Older people stuck in leaky homes have been especially vulnerable to health problems and financial stress that has come with the saga, a new study finds.
It's estimated about 80,000 homes and apartments built between 1991 and 2005 used products and methods that have not proved weathertight, of which about 12,000 have been repaired privately or with the help of government assistance.
One leaky homes specialist lawyer this month said as many as 90 per cent of standalone leaky homes were likely still rotting.
Now, a paper by three researchers has identified older homeowners are especially vulnerable to the negative effects.
Using interviews, housing sales and institutional analysis, the authors found that older homeowners faced issues over the use and financial value of their homes which had negative impacts on retirement planning, relationships and physical and mental health.
Further, they found that, because of age-related frailty or existing health conditions, older people had a higher health risk from living in a damp, mouldy environment.
They also faced increased risk of depression and anxiety, as well as stress from irreparable damage to their homes.
Since older homeowners were mostly reliant on superannuation, most of their wealth was tied up in their home, causing increased financial stress.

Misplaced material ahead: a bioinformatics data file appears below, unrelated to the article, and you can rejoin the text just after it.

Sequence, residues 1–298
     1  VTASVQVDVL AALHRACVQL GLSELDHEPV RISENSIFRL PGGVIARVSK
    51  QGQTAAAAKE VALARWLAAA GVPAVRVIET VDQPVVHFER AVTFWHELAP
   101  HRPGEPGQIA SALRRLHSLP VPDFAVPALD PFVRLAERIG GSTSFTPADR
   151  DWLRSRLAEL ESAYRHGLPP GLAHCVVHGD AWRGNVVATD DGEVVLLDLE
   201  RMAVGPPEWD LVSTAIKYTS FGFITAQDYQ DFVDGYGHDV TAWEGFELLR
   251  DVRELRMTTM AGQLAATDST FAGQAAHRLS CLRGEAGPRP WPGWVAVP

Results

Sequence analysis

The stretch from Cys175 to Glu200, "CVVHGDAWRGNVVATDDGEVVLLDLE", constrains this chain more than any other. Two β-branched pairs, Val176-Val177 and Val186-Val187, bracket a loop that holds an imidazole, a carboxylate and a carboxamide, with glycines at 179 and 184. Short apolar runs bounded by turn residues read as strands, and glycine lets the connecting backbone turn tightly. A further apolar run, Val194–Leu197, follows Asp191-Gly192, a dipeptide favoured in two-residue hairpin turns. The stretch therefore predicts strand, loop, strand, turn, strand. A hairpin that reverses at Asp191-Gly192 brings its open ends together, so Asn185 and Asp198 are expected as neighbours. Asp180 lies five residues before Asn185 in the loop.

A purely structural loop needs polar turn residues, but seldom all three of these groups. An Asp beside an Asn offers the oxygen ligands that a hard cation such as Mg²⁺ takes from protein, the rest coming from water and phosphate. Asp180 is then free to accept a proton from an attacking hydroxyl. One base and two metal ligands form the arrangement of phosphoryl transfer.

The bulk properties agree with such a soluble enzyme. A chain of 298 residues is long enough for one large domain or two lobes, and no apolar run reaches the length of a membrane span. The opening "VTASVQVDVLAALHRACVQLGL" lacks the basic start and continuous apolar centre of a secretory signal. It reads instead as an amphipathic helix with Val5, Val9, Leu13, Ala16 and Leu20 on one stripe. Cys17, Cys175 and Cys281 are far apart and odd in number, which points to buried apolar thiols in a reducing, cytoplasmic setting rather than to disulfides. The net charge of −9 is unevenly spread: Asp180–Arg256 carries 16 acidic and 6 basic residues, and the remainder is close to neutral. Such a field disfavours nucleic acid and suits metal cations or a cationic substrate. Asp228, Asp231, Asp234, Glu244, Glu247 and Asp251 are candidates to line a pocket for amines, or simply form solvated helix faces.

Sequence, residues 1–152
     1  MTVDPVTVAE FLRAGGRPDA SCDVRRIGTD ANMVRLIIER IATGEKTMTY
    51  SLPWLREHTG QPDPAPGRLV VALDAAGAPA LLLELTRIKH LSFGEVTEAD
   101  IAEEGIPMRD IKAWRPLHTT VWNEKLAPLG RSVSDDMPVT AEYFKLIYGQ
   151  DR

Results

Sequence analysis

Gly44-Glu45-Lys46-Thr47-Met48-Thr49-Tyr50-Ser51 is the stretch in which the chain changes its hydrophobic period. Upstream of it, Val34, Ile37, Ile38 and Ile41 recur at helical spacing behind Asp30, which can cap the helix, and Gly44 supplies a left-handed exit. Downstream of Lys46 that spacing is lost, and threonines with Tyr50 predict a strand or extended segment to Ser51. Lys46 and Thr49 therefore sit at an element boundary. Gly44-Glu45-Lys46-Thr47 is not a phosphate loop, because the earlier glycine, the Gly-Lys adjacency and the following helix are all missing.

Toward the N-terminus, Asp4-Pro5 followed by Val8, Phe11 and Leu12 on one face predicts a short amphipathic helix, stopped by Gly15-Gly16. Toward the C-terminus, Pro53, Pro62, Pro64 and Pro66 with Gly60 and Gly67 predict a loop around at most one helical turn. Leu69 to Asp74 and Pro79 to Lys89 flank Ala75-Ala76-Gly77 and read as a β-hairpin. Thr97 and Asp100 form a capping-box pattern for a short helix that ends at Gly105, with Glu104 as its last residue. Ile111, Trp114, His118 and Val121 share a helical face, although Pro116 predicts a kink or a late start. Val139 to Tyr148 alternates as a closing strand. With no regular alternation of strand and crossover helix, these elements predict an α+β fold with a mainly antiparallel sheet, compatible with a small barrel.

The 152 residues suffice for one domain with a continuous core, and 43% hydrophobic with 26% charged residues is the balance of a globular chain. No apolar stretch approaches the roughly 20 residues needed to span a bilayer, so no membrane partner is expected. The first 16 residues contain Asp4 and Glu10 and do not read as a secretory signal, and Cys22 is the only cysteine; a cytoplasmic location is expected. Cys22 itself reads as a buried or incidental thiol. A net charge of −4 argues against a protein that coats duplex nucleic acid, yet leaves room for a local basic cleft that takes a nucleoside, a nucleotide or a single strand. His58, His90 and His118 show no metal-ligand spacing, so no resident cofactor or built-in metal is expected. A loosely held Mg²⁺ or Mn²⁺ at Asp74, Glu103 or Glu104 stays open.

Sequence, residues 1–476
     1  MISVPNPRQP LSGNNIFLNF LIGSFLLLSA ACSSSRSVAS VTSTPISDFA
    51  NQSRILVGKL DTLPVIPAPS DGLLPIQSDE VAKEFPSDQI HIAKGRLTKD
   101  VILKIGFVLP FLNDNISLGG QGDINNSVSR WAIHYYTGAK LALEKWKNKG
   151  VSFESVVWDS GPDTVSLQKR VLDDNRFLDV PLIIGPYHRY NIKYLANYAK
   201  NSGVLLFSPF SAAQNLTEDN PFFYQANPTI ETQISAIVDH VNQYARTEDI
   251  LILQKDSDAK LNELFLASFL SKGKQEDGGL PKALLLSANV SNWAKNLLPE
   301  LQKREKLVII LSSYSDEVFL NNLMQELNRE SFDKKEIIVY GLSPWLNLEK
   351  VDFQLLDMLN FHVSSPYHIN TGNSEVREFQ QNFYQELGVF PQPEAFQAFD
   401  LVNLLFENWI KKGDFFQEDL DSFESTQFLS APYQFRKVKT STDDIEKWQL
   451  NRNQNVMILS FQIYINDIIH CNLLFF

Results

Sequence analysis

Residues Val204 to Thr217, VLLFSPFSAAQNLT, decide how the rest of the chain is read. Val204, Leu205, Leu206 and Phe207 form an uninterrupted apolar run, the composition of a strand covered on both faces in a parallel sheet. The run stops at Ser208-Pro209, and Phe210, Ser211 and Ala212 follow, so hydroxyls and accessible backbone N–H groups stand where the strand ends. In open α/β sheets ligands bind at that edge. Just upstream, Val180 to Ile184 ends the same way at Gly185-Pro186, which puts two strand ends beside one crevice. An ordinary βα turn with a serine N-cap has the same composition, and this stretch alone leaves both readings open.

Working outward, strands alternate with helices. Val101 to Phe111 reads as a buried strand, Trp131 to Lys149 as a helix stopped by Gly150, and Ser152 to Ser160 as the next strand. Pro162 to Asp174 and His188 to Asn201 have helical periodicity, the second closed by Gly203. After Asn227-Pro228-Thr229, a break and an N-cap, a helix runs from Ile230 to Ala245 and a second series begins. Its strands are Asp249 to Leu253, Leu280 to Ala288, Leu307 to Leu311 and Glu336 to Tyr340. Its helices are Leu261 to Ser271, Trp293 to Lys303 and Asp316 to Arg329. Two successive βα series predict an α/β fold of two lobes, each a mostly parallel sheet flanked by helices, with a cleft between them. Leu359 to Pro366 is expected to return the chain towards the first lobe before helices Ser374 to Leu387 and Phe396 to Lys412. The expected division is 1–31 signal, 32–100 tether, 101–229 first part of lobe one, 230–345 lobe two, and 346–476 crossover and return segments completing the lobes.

"The public implications of the weathertight homes market failure as it relates to older people go beyond a simple framing of the public interest in the failure of the building industry," the authors concluded.
"Instead, this paper has shown that the impacts for older people include reduced material, physical and mental well-being, loss of connections with others and declining ability to look after themselves and other dependents."
Co-author Dr Michael Rehm, a property researcher at the University of Auckland, said that in some cases, older homeowners' nest eggs had "been essentially evaporated".
"Most of the people interviewed were owner-occupants in a leaky home and they were all people who were trying to gear up for retirement and make plans and this completely derailed them, really."
Rehm said the issues identified in the study had been expected by him and his colleagues, lead author Dr Bev James of Public Policy and Research and Kay Saville-Smith of the Centre for Research, Evaluation and Social Assessment.
"We knew it was all going to be unpleasant, but it was good for these people to get these things off their chest and have somebody to talk to about it," he said.
One big concern raised by the study was that many older people found it difficult to use the services set up by authorities.
"A lot of them, because they are older, don't have a lot of technical savvy, and it became very clear that the systems the Government really tried to help with were almost impossible for these people to navigate."
Rehm said other research he'd led had also found that negative buyer stigma around homes built with monolithic cladding types persisted, even in heated property markets like Auckland's.